HE was raised in a modest corner terrace in Farnworth - but Alan Ball went on to conquer Wembley and became one of England's footballing greats.
Alan, the son of Alan senior and Violet, was born in Townleys Hospital, Bolton, during VE week in May, 1945.
He spent his early years living with his mother at his grandparents' home, in Brookhouse Avenue, Farnworth, and his uncle's terrace home in Bentinck Street, while his father served in the armed forces abroad.
When he was aged three - around the time his mother gave birth to a sister, Carolyn - it was clear to his family that he was developing an interest in sport.
His uncle, Trevor Ball, who is only six years his senior, regularly took him to Gladstone Road and Moses Gate to play football.
Trevor, who lives in Avondale Road, Farnworth, and is the brother of Alan Ball senior - who also became a footballer and manager - said: "He used to follow me around because I was older.
"He was very young when he started showing promise as a footballer. He never did anything else but kick a ball around and even as a child he was focused.
"He said to me: I'll go to Wembley one day, but it won't be until I play there'."
Alan attended St Peter's CE School, Farnworth, and then Farnworth Grammar, where he represented the school at football, cricket and cross-country running.
As a teenager, he had trials at Bolton Wanderers but was rejected because of his size.
Bill Ridding, the manager at Burnden Park at the time, told him: "The only apprenticeship you'll get, lad, is as an apprentice jockey."
Despite that setback, he built a hugely successful career in football, firstly at Blackpool and then with Everton, Arsenal and Southampton.
At 21 years old, he was the youngest member of the team that won the World Cup for England at Wembley in 1966.
He gave his medal to his grandfather to show around Farnworth pubs, telling him: "This belongs to the fans as much as me."
Trevor said: "When Wanderers let Alan go, he said he'd prove them wrong. He told his dad he'd play for England before he was 20 - and at 19, he did.
"He was a driven young man and his self-belief was fantastic.
"I was with his dad at Wembley in 1966. It was a proud day. His mum loved football but she wouldn't go to watch in case Alan got injured."
Alan, who at the time was living with his parents and sister in Enfield Street, Walkden, returned to a civic reception in Walkden attended by more than 300 people.
A year later, he married childhood sweetheart Lesley Newton - a Kearsley hairdresser - at St Stephen's Church, Kearsley. The couple enjoyed a reception at the Last Drop Village, before honeymooning in Ibiza.
His uncle, Trevor, stepped in as best man, after England team-mate, Nobby Stiles, was called away on a football tour.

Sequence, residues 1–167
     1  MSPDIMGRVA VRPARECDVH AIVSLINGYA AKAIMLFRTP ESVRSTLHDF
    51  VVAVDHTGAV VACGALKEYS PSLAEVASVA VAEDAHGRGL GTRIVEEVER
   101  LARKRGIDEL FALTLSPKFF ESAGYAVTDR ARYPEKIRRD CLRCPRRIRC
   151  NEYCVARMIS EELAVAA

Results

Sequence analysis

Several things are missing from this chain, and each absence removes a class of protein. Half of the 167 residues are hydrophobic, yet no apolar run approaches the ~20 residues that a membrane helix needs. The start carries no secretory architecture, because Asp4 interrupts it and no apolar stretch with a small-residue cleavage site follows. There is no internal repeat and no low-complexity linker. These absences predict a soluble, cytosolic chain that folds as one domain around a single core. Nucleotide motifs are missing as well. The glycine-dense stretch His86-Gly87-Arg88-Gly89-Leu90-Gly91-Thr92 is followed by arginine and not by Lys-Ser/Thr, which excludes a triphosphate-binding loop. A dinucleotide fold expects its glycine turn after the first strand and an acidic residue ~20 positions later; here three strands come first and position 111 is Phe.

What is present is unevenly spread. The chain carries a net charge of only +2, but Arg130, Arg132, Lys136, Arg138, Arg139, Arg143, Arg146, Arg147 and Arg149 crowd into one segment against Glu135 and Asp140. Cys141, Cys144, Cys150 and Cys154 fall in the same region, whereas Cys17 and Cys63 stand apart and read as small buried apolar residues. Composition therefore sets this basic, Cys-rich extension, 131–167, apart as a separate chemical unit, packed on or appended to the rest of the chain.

The newlyweds settled in Greenleach Lane, Worsley, and had three children, Miranda, Keeley and Jimmy.
Alan's father, who had been manager at Preston North End and Halifax Town, was killed in a car crash in Cyprus in 1982. His mother died four years ago.
His wife, Lesley, died of ovarian cancer in May, 2004, after years of battling against the disease.
Former professional footballer, Carl Davenport, of Astley Bridge, was one of Alan's closest friends. They were given a trial together at Wanderers and Carl, now aged 62, joined Preston when Alan joined Blackpool. They travelled to their clubs by train from Bolton each morning.
Carl, who went on to be player-manager at Irish side Cork Hibernians, was holidaying in Spain when he heard of Alan's death.
He said: "Alan was my best pal, this has come as a big shock. I was on a golf holiday with him in Cork four months ago and I spoke to him last week.
"I'll miss talking to him every week and meeting up with him, having a laugh.
"We went everywhere together while growing up. His father encouraged me in my career and Alan was a great influence.
"We'd get on that train every morning and Alan used to be envious of me because I played for Preston reserves when he played for Blackpool's fifth team.
"One day he said: There have been five injuries, I've made the team'. A few years later I was watching my best mate play at Wembley.
"He was the nicest, most down-to-earth and generous man you could meet."
When Alan wrote his 2005 autobiography, Playing Extra Time, he made special reference to his Farnworth Grammar PE teacher, John "JD" Dickinson.
Alan, at 5ft 6in tall, told how Mr Dickinson had faith in his ability, despite his pint-sized stature.
Mr Dickinson, now aged 72, who put the budding star forward for trials with Lancashire Boys, said yesterday: "At 14 years old, Alan scored every goal in a 6-0 win for the school. I knew he was something special. I followed his career with great satisfaction.
"It's terrible to think he's gone, but what a life of achievements. He was a popular kid and a wonderful man."
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